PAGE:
QB Situation Weighs Heavily on Media's Mind

The soaring temperatures outside of the Sheraton Gateway hotel in Los Angles were a rare occurrence. Inside one of its conference rooms, it was business as usual as the Pac-10 media was asking ASU head coach Dirk Koetter yet another question about who will start between his duo of talented signal callers.

The two-quarterback system won't work at Arizona State. Koetter put that theory to rest in his opening statement during the Pac-10's media day. He also didn't name a starter on Thursday morning, nor did he hint who has the edge in this highly anticipated position battle. Consequently, the reporters in the room pressed for comparisons between Sam Keller and Rudy Carpenter, even probing senior offensive tackle Andrew Carnahan who accompanied Koetter to this event.

In the grand scheme of things, does it really matter who out of the two will get the nod? Both are proven commodities, they are surrounded by an experienced offensive line, an improved running game, and a few tight ends and receivers who have already shown that they can be a nightmare to any opposing defense. Another national top-five finish in total offense wouldn't shock even the most skeptical Sun Devil fan.

Queries about ASU's defense, should have probably dominated the line of questioning on Thursday. Defensively finishing 114th among Division I schools, naturally prevented the maroon and gold from achieving great success in 2005. Koetter quipped that maybe it's a good thing that this unit only returns four starters. The other side of that coin is obviously the relative inexperience in many positions, namely linebacker, which will characterize this side of the ball.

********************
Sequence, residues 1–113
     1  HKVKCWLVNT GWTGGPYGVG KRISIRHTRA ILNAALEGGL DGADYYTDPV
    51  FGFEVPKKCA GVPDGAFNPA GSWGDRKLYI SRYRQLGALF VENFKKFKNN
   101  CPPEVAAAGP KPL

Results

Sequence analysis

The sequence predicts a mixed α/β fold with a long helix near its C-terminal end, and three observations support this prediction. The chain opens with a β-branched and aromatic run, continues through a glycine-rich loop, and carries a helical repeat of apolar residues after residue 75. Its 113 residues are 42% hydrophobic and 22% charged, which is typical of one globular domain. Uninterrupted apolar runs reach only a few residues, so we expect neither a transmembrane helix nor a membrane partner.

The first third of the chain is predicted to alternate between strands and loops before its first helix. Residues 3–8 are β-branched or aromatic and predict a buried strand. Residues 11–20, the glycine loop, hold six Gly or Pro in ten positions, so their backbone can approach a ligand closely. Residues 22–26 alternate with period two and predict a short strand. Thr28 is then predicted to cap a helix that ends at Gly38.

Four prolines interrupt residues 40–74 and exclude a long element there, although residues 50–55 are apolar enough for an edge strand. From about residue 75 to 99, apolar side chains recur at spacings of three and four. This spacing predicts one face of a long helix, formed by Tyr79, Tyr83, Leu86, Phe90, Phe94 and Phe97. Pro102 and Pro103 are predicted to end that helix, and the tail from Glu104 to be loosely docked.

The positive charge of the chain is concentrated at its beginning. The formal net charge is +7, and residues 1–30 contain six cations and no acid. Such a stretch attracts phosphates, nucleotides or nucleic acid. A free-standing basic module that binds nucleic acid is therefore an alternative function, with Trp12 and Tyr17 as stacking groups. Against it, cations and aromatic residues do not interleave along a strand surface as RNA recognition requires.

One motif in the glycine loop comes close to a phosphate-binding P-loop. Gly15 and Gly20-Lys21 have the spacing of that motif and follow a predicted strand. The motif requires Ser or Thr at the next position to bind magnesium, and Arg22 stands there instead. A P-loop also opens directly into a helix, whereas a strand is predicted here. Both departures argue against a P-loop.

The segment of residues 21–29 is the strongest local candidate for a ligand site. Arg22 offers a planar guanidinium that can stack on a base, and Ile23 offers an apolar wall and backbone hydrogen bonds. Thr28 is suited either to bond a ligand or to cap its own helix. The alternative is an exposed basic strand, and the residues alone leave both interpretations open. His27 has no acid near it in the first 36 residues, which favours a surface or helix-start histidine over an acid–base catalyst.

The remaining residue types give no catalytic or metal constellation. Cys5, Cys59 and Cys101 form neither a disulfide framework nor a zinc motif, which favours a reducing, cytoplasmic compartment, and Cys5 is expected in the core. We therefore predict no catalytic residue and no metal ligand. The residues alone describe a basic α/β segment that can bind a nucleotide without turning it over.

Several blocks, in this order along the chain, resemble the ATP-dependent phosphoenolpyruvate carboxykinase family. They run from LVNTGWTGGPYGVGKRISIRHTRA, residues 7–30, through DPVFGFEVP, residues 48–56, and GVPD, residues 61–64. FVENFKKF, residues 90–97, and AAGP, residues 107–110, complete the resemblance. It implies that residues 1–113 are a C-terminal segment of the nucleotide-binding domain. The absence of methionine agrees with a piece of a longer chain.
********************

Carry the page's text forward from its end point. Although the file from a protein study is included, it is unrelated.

Eight new players on defense aren't freshmen, but only three of them, all on the defensive line, ever played Division I football before. The 2006 recruiting class was dominated by junior college defenders for a reason – help is needed for the maroon and gold and is needed now. Just ask offensive phenom Rudy Burgess, who could be doing double-duty at cornerback this year. The uncertainty on defense, probably caused those who cover the conference on a regular basis from picking ASU higher than forth place in the Pac-10 pre-season poll.

Maybe it's just the mentality of the Pac-10 to accept less than average defenses, as the conference boasts some of the most explosive offenses in all of college football. UCLA's defense wasn't that much better than ASU's, and yet it was good enough for a 10-2 record last year. The conference's defensive coordinators face challenges that only their counterparts in the SEC can relate to. Sophisticated Pac-10 offenses run by extremely talented players are without a doubt the norm and exposes even decent defenses on a weekly basis.

So let the various journalists on the west coast obsess on who will take the first snap under center in ASU's season opener. The Sun Devil coaches and its fans know that it will eventually be nothing but an answer to a trivia question. What will determine the fate of the 2006 season for the Sun Devils, are the players and positions that fielded close to no questions on the Pac-10's media day – the ASU defense.

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